Athletic competition has been a part of civil society for as long as societies have been civilized. But imperial ideologies of the nation-state as the source of communal identity and the relentless march of globalization have complicated the idea that the athletic body reflects the identity of the individual to whom it appears to belong. Sporting bodies have long since outstripped Greek wrestling philosophers, de Coubertin's Olympic ideal, or Huizinga's theory of play as socialization.
During the 17th, 18th, and early 19th centuries, upper-class British men participated in the Grand Tour, visiting the Continent, exploring their sexuality, and learning about the world in ways that their churches, homes, and universities could not offer them. Women during this time period, however, were not generally offered such educational accommodations. Portrayed in literature and history as vulnerable to worldly dangers, women were believed to be better off at home, in the private sphere. By the mid-Victorian period, however, women were traveling – and writing about their travels – and their (in)vulnerability.
Call For Papers: Human Rights, Literature, the Arts, and Social Sciences International Conference, Central Michigan University, Mt. Pleasant
November 21-23, 2013
The persistence of repressive and discriminatory national policies, cultural practices, wars, genocide, religious conflict, ethnic cleansing, terrorism, rape, child-soldiering, sex-trafficking, and other forms of violence threaten the maintenance of human rights. These conditions remind us of the ever pressing need to safeguard our humanity through the preservation of human rights.
Deadline extended to March 15th!
All manuscripts should be sent by email to email@example.com. Submissions must be received the editors of Shift by midnight on 15 March 2013 to be considered for publication in issue 6.
See details at:
Shift welcomes academic papers, exhibition and book reviews, as well as discussions concerning other art-related events from current graduate students. Please see Submission and Style Guidelines for appropriate guidelines.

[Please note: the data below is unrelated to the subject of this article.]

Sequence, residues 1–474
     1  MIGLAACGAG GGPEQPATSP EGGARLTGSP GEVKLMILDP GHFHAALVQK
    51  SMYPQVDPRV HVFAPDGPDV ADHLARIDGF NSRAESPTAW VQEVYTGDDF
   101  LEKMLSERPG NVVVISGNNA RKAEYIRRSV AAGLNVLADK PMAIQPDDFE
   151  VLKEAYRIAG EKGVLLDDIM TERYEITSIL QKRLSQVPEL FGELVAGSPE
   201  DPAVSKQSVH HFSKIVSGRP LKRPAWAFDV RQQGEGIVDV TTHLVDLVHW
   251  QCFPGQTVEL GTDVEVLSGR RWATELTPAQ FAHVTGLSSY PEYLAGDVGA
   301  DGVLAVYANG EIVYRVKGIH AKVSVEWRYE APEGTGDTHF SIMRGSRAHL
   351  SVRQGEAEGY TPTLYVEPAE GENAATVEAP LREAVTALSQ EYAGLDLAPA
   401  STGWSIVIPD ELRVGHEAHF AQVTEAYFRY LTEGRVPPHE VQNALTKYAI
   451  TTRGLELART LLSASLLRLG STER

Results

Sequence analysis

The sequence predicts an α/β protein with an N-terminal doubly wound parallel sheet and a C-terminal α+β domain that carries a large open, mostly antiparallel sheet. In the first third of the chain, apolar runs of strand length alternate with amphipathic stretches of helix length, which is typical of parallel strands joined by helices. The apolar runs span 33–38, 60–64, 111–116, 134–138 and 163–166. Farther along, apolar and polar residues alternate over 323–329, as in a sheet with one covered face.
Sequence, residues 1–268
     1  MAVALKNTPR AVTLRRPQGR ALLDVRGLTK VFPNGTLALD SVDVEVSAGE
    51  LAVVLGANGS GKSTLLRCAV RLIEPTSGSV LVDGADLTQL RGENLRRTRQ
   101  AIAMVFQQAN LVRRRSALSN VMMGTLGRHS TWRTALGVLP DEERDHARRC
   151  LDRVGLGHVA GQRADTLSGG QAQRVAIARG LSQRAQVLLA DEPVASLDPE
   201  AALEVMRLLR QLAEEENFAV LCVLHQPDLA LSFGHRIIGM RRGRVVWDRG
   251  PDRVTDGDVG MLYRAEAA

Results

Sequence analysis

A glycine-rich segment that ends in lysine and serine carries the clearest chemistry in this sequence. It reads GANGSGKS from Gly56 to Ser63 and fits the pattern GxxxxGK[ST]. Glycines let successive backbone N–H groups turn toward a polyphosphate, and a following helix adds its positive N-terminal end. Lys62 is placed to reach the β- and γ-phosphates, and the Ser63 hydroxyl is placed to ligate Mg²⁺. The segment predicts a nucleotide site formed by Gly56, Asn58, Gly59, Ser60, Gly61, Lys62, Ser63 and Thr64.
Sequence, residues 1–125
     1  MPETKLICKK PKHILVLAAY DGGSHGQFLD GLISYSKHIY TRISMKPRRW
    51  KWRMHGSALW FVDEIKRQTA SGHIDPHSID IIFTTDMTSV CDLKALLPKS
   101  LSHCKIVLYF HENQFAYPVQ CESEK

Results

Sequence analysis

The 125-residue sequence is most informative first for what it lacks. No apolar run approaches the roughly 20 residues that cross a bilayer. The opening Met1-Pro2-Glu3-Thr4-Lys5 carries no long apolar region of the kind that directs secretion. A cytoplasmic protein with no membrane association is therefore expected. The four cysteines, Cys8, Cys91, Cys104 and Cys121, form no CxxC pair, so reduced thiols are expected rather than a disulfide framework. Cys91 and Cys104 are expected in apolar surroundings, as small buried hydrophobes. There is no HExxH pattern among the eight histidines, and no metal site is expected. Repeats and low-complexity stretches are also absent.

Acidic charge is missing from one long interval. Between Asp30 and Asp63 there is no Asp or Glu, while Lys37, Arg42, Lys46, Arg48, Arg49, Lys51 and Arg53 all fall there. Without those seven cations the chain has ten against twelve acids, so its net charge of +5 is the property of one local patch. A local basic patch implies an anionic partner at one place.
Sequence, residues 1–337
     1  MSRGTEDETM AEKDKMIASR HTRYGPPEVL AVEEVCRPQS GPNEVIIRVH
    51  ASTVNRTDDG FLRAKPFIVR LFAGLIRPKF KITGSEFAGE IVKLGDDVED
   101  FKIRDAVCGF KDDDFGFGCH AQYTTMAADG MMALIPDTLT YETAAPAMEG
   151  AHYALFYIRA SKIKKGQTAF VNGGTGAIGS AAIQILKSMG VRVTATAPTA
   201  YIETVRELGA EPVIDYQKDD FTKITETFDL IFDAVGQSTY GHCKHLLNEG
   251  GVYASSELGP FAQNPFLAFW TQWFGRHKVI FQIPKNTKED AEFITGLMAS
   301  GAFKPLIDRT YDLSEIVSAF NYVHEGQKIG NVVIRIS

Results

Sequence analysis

[sic] – a journal of literature, culture and literary translation invites submissions for the upcoming 7th issue. We accept:
• academic papers from different disciplines such as literary theory, culture studies, anthropology, history, sociology, etc.
• writings on literary translation as well as translations from all languages into Croatian and English. (Introductory essays [up to 2,500 words] dealing with specific problems of the submitted translation from the perspective of literary translation are welcome.)
Please include the following with your submissions:
The Renaissance of Roland Barthes
Speakers: Jonathan Culler, Diana Knight, Rosalind Krauss, D.A. Miller, and Lucy O'Meara
In this session, papers will look at the different ways place can determine one's identity. Whether discussing immigrant narratives, narratives of displacement, coming of age narratives or something all-together different, geographic location determines a great deal about one's personal narrative. Place can determine as much about a person as his or genetic history, making the relationship between identity and place subject to boundless exploration- See more at: http://www.pamla.org/2013/topics/mapping-identity#sthash.dF5hJvN2.dpuf
Madness is a concept of relativity, types and degrees alongside being a state and experience with its own realities. Even though primarily it refers to the field and science of psychiatry and psychology, it has leaked into everything human. Literature, embracing everything human and also being regarded as a field or activity not ordinary, normal or sane, has explored the states of "madness" for ages. Melancholia, hedonism, materialism, utopias, chemicals or arts- all breed insanity. Artists,scientists and women, among other groups, have been called mad. Some madwomen and madmen have been regarded as heroines and heroes and some heroes and heroines have been tortured as madmen and madwomen.